Start main page content

Dr Thembi Russell

Academic Position: Senior Researcher & Curator, Archaeological collections, Honorary Senior Research Associate, University College London.

Qualification: PhD

Office:  4, Origins basement

Tel: 011-7176592

Email: thembiwe.russell@wits.ac.za; thembiwe@gmail.com

Research Interests:

I am interested in the spread of food production in southern Africa during the Later Stone Age and its associated archaeology, including rock art. As part of this I am collaborating with Professor James Steele and Dr Fabio Silva to model the large scale dispersal of sub-Saharan Africa’s first farmers. I’ve recently started a project to explore and map indigenous and historic South African place names to try to understand the relations and processes that led to their adoption or rejection by colonizers.

Teaching:

I teach parts of the third year module, The Archaeology of Death and the second year module, Osteoarchaeology.

Postgraduate supervision:

Current

Faye Lander, doctoral candidate, The spread and settlement of early farmers during the Later Stone age in southern Africa.

Past

Faye Lander, MSc. An investigation into the painted sheep imagery of the northern Ukhahlamba-Drakensberg, KwaZulu-Natal, Southern Africa.

 

Hilary Geber, Hons, A life history approach to understanding artefacts from the University of the Witwatersrand Archaeology Collection.

 

Nandi Masemula, Hons, Carbon, Nitrogen and Oxygen Isotope Analyses of Inland Holocene People of the Northern Cape, South Africa.

Faye Lander, Hons, An investigation into the rock engravings of Ayanae Nangilo, northern Kenya.

Publications (2010-present):  please list publication according to the Harvard ref style

Journal articles (peer-reviewed)

Russell, T and Lander, F. 2015. ‘What is consumed is wasted’: from foraging to herding in the southern African Later Stone Age, Azania: Archaeological Research in Africa, 50:3, 267-317, DOI: 10.1080/0067270X.2015.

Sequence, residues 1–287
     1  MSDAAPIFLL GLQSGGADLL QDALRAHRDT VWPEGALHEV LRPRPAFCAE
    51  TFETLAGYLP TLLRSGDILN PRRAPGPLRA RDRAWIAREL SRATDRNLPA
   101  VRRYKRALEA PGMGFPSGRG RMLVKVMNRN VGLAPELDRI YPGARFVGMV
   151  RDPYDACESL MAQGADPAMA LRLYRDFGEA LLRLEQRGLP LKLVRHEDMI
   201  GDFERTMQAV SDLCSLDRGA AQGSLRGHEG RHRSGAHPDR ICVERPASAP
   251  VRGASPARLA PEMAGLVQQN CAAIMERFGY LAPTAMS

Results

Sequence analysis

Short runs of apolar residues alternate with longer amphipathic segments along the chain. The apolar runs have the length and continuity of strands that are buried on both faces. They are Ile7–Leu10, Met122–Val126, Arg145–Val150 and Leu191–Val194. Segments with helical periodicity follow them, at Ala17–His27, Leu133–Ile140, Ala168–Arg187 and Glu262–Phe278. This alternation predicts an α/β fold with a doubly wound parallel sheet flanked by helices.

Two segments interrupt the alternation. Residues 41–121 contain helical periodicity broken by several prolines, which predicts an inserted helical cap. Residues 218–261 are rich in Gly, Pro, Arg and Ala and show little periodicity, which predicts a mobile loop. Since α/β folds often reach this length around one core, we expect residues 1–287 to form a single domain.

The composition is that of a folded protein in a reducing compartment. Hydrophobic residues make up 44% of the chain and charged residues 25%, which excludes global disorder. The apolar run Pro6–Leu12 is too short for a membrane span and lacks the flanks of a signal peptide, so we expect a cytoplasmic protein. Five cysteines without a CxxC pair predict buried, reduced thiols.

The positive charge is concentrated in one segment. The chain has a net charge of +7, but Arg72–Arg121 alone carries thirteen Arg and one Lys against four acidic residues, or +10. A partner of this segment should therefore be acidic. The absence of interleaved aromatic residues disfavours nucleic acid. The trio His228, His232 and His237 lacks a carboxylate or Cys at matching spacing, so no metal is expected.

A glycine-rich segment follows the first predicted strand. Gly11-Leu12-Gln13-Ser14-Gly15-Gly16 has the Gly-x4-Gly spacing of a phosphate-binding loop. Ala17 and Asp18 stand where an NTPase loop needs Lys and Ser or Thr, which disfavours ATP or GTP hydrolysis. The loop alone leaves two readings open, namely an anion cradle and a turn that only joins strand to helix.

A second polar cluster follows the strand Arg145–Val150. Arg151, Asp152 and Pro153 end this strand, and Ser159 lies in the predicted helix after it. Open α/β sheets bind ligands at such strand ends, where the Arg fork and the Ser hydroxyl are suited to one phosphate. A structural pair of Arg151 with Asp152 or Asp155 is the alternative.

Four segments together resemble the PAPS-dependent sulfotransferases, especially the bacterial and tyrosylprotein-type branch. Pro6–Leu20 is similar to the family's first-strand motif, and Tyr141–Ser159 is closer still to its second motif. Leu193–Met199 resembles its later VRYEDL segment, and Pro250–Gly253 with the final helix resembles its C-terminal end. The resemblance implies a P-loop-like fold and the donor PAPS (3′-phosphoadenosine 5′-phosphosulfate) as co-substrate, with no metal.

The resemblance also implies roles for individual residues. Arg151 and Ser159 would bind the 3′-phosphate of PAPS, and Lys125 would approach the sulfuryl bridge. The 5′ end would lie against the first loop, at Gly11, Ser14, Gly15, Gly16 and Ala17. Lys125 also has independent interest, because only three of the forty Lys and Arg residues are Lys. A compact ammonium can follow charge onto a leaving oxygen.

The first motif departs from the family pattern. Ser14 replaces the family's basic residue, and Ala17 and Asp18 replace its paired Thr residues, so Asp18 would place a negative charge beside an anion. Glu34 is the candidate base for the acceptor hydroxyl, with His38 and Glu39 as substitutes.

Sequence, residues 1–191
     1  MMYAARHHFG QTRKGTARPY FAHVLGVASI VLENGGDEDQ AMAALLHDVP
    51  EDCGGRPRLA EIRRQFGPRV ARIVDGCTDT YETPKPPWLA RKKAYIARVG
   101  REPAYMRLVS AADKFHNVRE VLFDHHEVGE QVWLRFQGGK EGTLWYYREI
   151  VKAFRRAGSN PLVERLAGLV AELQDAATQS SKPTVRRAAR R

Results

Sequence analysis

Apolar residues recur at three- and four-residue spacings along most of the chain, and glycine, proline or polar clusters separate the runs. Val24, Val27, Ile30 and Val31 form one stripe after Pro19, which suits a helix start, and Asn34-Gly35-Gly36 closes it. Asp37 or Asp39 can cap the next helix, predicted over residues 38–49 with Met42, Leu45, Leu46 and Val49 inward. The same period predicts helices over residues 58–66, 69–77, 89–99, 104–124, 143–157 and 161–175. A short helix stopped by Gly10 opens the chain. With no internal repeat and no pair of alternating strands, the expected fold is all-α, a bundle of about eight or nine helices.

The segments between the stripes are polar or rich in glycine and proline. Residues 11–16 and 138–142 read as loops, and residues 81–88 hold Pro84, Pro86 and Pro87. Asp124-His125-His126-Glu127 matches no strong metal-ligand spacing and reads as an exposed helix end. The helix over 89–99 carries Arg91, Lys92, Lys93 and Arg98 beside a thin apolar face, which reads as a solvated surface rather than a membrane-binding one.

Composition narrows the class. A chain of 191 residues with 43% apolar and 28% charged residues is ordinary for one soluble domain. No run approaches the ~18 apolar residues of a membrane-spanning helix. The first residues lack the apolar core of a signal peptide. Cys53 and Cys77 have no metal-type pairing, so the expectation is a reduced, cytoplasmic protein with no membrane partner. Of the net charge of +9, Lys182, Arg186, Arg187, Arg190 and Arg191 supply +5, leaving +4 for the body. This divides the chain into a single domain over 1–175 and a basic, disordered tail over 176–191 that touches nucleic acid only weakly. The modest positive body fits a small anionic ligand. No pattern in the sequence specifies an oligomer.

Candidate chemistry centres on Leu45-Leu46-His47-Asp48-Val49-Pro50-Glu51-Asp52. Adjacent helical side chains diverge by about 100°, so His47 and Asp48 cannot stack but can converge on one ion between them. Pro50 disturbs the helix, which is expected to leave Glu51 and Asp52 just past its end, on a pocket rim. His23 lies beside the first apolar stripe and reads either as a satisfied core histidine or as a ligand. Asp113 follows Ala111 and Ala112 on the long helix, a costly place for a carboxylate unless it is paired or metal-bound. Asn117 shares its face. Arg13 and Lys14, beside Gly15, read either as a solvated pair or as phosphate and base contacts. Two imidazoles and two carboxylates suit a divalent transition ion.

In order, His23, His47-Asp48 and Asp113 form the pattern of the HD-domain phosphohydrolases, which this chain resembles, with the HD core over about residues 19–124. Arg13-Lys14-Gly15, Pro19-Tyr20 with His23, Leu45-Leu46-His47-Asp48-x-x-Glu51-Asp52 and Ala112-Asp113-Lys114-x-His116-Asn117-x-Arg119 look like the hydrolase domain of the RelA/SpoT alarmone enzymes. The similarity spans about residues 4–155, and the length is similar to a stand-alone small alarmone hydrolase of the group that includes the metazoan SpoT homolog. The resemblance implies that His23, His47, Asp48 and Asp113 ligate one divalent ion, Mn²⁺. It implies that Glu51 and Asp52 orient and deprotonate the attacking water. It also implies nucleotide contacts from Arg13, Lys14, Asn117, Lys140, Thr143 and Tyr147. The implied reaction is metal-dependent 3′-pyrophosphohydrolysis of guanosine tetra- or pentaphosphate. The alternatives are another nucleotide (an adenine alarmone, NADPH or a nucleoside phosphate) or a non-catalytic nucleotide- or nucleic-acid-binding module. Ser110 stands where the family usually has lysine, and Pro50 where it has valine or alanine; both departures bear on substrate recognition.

Russell, T and Lander, F. 2015. ‘The bees are our sheep’: the role of honey and fat in the transition to livestock keeping during the last two thousand years in southernmost Africa, Azania: Archaeological Research in Africa, 50:3, DOI:10.1080/0067270X.2015.1051793

Lander, F and Russell, T. 2015. Fat-tailed sheep and thin-walled pots: contextualising rock art and non-agriculturist pottery within the last 3000 years in KwaZulu-Natal, South Africa. Southern African Humanities 27: 113–63

Russell, T., Silva, F. and Steele, J. 2014. Modelling the spread of farming in the Bantu-speaking regions of Africa: an archaeology-based phylogeography. PLoS ONE 9(1): e87854. DOI:10.1371/journal.pone.0087854

Russell, T. 2013. Through the skin: exploring pastoralist marks and their meanings to understand parts of East African rock art. Journal of Social Archaeology 13(1): 3-30.

Russell, T. 2012. No one said it would be easy. Ordering San painting using the Harris Matrix: dangerously fallacious? A reply to David Pearce. South African Archaeological Bulletin 67: 267-272.

Russell, T & Kiura, P. 2011. A re-consideration of the rock engravings at the burial site of Namoratung’a south, Northern Kenya and their relationship to modern Turkana livestock brands. South African Archaeological Bulletin 66: 121-128.

 

Forthcoming  publications

Silva, F. Russell, T. and Steele, J. Archaeological modelling of large-scale dispersals in

prehistory: an application to the farming/language dispersal hypothesis in sub-Saharan Africa. In

Crevels, M., Hombert, J.-M. and Muysken, P. (eds) Language Dispersal, Diversification, and Contact: A

Global Perspective. Oxford University Press.

 

Share